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"British vs French Unit and Army characteristics" Topic


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717 hits since 19 Apr 2018
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MiniPigs Supporting Member of TMP20 Apr 2018 8:13 a.m. PST

For wargaming purposes, are the British and French and their auxiliaries merely mirror armies in different uniforms or are there unique troop types and advantages/disadvantages between the two forces that should be reflected in skirmish or regimental level games?

22ndFoot20 Apr 2018 9:09 a.m. PST

If you're interested in the unique characteristics of the British Army in North America during the Seven Year War, you can't go wrong with Redcoats by Stephen Brumwell.

Wherabouts in New York are you?

MiniPigs Supporting Member of TMP20 Apr 2018 9:40 a.m. PST

I'm in NYC, where are you?

I will check that book out but I was primarily interested in force balance within a miniatures game. Do the French have more Indians, less regulars, more artillery? Things of that nature.

22ndFoot20 Apr 2018 9:50 a.m. PST

Understood. What rules do you plan on using? I haven't used Muskets & Tomahawks, which seems popular, but I did some games of Sharpe Practice with the La Longue Carbine supplement.

I would suggest, depending on the location and period, that the French would have more Indian allies and fewer regulars. Neither side would have much, if any, artillery in the field.

I'm in Katonah in northern Westchester.

MiniPigs Supporting Member of TMP20 Apr 2018 10:07 a.m. PST

Well,

I plan to use a set of rules that my old wargames group reduced from the CLS Bible down to about 12 pages and which are fast and bloody. I am thinking of mostly solo play for my own amusement.

I haven't even decided between the Sash and Saber or Trident FIW Minis. Although, I did just buy a load of flags from GMB.

Katonah, I know it well. I grew up in Scarsdale.

22ndFoot20 Apr 2018 10:29 a.m. PST

Are you looking at proper battles or skirmishes?

I've always found 40mm a bit intimidating. I bought a lot of Galloping Major in 28mm plus bits and pieces of Crusader but my FIW project has fallen well behind the AWI in my endeavours.

MiniPigs Supporting Member of TMP20 Apr 2018 10:42 a.m. PST

40mm, intimidating? How so, sir? Painting-wise?

It was always 15mm that drove me crazy. I like the larger size because it's all about my personal enjoyment.

Interesting aside, if you want to talk about intimidating, when I started painting again, I had fears that the results would be a catastrophe. I've almost finished painting a unit of 40mm British Napoleonic after a long, long time of not painting at all and, surprisingly, my painting is exactly in the same place as it was when I left off.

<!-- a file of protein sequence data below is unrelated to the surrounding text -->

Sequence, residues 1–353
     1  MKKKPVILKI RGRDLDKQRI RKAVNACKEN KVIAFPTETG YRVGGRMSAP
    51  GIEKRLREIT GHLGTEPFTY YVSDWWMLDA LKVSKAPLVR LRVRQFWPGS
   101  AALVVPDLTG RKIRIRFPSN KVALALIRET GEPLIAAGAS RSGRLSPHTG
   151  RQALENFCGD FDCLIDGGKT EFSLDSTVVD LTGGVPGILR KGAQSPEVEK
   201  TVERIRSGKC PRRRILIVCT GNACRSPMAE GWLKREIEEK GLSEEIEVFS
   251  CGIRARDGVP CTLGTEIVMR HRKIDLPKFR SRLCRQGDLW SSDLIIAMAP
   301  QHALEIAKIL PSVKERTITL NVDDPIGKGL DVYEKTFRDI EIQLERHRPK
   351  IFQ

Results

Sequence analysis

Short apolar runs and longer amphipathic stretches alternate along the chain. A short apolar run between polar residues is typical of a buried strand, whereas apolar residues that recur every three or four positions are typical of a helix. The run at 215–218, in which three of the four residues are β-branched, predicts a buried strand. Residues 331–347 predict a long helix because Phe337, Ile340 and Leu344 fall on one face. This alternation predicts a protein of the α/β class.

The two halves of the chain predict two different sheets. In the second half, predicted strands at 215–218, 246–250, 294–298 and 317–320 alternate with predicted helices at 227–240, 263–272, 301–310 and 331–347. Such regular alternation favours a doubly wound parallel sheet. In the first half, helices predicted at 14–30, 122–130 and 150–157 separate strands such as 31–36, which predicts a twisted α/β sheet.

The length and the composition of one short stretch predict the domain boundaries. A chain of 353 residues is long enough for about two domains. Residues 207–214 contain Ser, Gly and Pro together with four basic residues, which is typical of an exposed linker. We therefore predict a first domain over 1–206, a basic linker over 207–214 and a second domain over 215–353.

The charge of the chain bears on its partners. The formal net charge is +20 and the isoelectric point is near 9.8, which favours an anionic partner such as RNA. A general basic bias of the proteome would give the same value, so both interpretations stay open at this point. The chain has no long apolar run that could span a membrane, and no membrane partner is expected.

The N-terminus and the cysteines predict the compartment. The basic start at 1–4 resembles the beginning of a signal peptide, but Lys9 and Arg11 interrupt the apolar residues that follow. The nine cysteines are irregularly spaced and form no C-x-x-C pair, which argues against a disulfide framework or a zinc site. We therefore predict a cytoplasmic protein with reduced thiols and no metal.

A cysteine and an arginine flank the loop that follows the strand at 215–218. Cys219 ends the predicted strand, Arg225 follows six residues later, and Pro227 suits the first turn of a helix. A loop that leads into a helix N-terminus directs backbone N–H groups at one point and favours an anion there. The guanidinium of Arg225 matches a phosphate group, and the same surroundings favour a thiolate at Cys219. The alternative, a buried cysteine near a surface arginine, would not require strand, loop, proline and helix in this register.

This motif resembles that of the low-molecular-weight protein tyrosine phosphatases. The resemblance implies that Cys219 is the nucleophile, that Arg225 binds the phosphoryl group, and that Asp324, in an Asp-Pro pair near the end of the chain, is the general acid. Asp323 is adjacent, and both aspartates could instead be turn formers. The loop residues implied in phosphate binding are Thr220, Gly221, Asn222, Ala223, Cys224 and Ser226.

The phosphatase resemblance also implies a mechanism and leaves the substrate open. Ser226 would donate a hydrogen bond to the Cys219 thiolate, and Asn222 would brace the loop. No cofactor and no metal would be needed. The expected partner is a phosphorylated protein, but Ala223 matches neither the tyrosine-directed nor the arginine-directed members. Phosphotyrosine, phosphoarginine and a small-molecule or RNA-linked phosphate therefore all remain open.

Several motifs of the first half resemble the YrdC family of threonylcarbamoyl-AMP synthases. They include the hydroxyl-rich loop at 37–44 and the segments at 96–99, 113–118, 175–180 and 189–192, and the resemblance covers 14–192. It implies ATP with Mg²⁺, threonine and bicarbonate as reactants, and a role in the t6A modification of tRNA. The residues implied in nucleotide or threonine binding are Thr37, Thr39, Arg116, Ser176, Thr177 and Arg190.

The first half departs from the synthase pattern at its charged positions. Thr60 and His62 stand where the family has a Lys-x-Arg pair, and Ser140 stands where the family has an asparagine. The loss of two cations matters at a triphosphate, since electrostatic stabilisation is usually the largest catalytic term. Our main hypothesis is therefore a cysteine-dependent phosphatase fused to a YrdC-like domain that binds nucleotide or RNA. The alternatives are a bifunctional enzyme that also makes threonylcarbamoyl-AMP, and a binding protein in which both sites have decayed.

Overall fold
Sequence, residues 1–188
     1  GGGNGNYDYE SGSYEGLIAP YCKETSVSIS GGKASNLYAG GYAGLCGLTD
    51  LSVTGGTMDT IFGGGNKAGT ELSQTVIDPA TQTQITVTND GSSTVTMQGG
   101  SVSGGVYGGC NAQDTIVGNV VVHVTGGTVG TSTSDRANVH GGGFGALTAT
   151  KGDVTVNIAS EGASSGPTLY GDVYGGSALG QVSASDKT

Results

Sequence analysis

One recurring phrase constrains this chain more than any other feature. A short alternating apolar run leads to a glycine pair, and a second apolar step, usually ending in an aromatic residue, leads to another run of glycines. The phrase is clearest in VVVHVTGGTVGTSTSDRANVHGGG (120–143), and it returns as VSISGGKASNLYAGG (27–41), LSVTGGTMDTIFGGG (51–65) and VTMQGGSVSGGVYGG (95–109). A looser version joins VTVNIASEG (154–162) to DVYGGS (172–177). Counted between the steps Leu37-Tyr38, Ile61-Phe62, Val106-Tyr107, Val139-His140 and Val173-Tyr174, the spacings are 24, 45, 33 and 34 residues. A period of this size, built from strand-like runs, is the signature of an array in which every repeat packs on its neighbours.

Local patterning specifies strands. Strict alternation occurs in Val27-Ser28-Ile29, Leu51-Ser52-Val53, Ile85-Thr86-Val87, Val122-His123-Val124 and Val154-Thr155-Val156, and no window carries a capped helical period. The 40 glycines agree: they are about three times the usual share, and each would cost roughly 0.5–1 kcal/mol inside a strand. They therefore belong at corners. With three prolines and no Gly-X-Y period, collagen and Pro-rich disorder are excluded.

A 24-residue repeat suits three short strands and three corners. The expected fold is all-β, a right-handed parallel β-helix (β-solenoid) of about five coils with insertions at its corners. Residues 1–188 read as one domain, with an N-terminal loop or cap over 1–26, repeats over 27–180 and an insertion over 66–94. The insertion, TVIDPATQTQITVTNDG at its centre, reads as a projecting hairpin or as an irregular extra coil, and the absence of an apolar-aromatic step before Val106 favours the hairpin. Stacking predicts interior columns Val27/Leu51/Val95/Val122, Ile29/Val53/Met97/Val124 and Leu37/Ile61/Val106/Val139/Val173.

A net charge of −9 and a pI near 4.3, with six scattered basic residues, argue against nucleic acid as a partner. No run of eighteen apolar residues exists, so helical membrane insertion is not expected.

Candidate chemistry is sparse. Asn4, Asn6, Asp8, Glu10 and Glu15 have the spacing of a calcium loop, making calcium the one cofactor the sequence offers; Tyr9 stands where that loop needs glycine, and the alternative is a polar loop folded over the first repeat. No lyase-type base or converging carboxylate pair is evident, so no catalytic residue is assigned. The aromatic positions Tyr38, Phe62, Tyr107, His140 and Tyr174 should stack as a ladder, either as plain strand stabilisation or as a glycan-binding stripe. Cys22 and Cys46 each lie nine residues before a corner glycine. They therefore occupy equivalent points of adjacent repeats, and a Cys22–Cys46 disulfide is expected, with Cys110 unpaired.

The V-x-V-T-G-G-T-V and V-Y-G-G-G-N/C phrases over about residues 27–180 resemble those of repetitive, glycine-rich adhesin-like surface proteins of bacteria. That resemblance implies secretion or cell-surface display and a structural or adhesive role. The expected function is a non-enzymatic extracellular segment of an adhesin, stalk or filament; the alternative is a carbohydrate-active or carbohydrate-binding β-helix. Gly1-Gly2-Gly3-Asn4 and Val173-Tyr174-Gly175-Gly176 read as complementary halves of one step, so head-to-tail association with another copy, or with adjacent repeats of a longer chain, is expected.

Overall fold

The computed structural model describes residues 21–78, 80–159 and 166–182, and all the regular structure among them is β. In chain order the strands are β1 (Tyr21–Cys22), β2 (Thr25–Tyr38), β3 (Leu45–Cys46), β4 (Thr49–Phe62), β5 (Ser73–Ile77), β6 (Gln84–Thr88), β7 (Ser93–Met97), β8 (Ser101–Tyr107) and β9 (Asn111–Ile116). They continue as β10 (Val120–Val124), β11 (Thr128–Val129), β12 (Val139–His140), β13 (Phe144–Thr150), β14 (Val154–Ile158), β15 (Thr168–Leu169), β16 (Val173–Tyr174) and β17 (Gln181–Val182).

22ndFoot20 Apr 2018 10:51 a.m. PST

They just seem a bit big for me and so would show up the shortcomings in my painting. That and doing yet another set of terrain.

I dropped you a PM.

Personal logo miniMo Supporting Member of TMP20 Apr 2018 11:00 a.m. PST

In 28mm, I buy all the figures and mix and match most of them even in the same units for skirmish gaming and they all look fine and I have a huge amount of pose variety!

If you're going with 40mm, I couldn't see why you would have to limit yourself to just one make.

I don't know about the southern front as much, but for New York and northern affairs, presence of Indians is dicey for both sides. Tends to be an all or nothing affair for the French.

About 1800 showed up for the first siege at Wm. Henry, and good promise of plunder. And that was a major command and control headache for the French. By the first siege of Ti, they had come to loathe Montcalm and all had pressing engagements organising their moccasin drawers rather than going to join the army about 15 showed up.

My general sense is that the French are for the mostpart better seasoned troops, except for raw replacements and reinforcements fresh off the boat. Compagnies de la Marine are crack troops with lots of experience in country; and the elitest of the Marines joined the Cannoniers-Bombardiers who were often sent on field missions as Grenadiers without any cannons in tow.

It was not unusual for British Provincials to have some Indians and blacks in the rank and file.

The Osprey Campaign books are good reading. and relatively useful.

I've found the Kronoskaf website to be the best first stop for painting info. It's not always the most reliable, but it is by far the most comprehensive:
link